Founder & Executive Director of Raleigh's Theatre In The Park
The reviewer didn’t particularly care for the play.
I didn’t particularly care for his review.
He stated his opinion publicly.
So did I.
The quality of what we say and how we say it is subjective at best.
You ask "was it really necessary to be so rude?"
I ask you the same question.
You are assuming the reviewer is being fair.
I am assuming you haven’t seen the play.
Thankfully, all of us are still entitled to our opinions.
this may help:
"In theatre, a farce is a comedy which aims to entertain the audience by means of unlikely, extravagant, and improbable situations, disguise and mistaken identity, verbal humour of varying degrees of sophistication, which may include sexual innuendo and word play, and a fast-paced plot whose speed usually increases, culminating in an ending which often involves an elaborate chase scene. Farce is also characterized by physical humor, the use of deliberate absurdity or nonsense, and broadly stylized performances. Farces have been written for the stage and film.
Many farces move at a frantic pace toward the climax, in which the initial problem is resolved one way or another, often through a deus ex machina twist of the plot. Generally, there is a happy ending. The convention of poetic justice is not always observed.
Farce in general is highly tolerant of transgressive behaviour, and tends to depict human beings as vain, irrational, venal, infantile, neurotic and prone to automatic behaviour. In that respect, farce is a natural companion of satire. Farce is, in fact, not merely a genre but a highly flexible dramatic mode that often occurs in combination with other forms, including romantic comedy. Farce is considered a theatre tradition.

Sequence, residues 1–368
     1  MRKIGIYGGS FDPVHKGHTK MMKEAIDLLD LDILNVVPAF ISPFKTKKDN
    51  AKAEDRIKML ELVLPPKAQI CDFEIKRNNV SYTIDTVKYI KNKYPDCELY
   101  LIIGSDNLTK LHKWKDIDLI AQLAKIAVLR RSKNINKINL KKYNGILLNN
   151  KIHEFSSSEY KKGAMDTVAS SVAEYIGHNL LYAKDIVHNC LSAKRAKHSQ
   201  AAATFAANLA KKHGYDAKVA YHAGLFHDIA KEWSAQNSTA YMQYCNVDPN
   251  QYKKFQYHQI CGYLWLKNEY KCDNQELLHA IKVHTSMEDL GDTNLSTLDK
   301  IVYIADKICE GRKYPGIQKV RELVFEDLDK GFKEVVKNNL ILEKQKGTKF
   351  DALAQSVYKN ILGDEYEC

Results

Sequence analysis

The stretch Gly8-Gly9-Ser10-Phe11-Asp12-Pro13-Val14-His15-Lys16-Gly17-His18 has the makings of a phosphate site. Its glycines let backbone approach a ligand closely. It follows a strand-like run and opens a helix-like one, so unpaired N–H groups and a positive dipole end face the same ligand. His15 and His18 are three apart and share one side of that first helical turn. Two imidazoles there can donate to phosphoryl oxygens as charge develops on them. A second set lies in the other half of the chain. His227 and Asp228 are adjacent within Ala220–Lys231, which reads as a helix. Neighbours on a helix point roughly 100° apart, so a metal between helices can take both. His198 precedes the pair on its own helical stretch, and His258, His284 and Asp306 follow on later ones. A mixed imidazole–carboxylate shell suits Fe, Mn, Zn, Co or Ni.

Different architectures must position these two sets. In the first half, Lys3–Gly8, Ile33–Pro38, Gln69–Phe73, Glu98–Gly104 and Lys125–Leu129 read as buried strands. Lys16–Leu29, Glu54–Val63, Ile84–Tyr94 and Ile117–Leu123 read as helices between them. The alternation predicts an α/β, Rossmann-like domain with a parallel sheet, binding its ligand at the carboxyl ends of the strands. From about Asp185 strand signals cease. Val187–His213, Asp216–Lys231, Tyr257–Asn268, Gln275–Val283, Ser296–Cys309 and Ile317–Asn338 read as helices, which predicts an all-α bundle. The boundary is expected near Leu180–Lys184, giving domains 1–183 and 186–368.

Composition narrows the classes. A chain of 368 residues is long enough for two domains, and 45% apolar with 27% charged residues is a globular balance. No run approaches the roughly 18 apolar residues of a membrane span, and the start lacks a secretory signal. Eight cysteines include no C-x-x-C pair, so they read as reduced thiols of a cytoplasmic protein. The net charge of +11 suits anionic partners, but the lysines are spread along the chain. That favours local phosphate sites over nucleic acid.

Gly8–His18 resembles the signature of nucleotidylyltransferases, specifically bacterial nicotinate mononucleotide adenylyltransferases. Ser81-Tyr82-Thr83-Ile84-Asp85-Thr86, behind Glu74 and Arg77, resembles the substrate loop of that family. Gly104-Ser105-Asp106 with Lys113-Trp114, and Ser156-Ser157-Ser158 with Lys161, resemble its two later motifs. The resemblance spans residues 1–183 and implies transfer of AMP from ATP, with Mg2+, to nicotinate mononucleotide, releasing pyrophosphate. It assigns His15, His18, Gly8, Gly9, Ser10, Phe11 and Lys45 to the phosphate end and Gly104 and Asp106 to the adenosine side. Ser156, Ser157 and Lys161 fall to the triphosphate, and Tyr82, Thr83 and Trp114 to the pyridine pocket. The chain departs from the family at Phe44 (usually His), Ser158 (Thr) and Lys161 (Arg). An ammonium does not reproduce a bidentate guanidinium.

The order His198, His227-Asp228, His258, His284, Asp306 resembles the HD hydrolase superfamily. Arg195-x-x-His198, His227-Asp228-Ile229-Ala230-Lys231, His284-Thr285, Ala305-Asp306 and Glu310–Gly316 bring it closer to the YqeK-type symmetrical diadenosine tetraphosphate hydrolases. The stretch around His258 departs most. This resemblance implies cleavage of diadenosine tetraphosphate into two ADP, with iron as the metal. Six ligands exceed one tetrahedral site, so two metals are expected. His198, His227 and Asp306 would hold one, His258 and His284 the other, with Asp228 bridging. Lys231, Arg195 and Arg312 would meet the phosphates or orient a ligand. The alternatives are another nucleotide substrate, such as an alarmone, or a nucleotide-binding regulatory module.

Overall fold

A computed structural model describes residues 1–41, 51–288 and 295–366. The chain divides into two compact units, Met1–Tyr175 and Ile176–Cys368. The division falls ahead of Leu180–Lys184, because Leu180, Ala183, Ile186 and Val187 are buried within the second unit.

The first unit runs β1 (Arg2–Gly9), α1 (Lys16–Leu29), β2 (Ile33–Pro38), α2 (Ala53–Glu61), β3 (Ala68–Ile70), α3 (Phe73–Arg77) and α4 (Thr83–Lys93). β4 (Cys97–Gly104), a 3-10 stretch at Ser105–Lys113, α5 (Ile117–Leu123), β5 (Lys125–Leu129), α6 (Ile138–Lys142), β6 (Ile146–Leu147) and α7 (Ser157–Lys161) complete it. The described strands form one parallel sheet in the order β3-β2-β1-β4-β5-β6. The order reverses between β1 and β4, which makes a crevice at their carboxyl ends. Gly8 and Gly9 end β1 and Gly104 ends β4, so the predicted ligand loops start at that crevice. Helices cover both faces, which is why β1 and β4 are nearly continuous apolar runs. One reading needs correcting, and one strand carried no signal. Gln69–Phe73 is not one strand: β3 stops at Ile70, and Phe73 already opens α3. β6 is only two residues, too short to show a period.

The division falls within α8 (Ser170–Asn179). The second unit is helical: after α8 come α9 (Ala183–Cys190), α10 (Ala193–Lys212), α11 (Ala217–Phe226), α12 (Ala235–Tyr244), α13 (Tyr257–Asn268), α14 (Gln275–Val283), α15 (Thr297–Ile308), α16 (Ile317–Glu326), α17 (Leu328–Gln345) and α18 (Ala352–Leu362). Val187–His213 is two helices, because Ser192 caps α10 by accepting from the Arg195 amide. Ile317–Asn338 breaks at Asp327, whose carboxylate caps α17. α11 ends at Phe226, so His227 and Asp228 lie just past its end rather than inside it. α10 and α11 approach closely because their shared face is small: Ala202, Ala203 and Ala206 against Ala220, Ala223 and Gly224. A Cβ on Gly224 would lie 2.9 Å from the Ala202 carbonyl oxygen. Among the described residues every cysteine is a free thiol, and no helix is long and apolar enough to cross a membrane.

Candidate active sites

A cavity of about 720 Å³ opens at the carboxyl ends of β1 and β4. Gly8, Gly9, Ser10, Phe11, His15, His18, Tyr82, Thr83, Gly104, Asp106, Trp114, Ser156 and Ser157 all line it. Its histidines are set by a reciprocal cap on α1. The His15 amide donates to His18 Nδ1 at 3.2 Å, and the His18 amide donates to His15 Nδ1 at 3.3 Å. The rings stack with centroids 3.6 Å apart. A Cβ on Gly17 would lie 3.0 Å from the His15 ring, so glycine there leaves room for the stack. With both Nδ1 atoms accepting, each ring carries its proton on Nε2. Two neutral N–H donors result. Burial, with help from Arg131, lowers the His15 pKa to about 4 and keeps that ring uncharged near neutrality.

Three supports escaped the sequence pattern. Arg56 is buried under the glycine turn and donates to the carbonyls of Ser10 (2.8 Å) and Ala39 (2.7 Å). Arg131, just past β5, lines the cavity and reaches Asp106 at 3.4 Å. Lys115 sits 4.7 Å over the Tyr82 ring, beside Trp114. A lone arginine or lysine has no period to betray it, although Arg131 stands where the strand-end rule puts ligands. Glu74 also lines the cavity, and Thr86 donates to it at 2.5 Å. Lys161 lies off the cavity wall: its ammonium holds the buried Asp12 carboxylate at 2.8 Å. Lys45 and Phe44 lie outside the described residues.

As far as ridiculous, far-fetched situations, quick and witty repartee, and broad physical humor are concerned, farce is widely employed in TV sitcoms, in silent film comedy, and in screwball comedy."
DEVON DOES DENMARK was advertised as "a farce in the style of Monty Python."
In view of the above, I'd say the show hit the bull's eye.
I have no idea what you were expecting ... or more to the point ... why you seemed to be expecting something other than what we advertised. But then again ... as you said ... "no one expects the Spanish Inquisition!"
PS - Your "poot cushion" and clown nose will be arriving by separate mail.
"The mercurial history of the Wood family including the strained relationship between Evan and her locally renowned father, Ira David Wood III is well-documented."
Documented, yes. Well documented? I beg to differ. The relationship between my daughter and me has been "strained" by one thing only - the miles between us.
Evan has been on the West Coast and I have been on the East Coast. Other than that, we have always shared a true, loving, and lasting father/daughter relationship.
I realize such a revelation doesn't sell as many newspapers or inspire as many tabloid stories ... but it happens to be the truth.
Those of us in the cast of ROMEO & JULIET are honored and extremely grateful that Ira IV and Evan came up with the idea to mount this production as a fundraiser. It was a joyous homecoming - and a memory I will treasure for years to come.
I'm also extremely proud of ALL those individuals who made up the cast and crew ... and who gave of their time, talent and energy so generously.
I remain forever grateful, too, to the theatre-goers who continue to support Theatre In The Park's artistic efforts.
My family remains extremely grateful to call Raleigh - "home."
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Indy Week • 201 W. Main St., Suite 101, Durham, NC 27701 • phone 919-286-1972 • fax 919-286-4274
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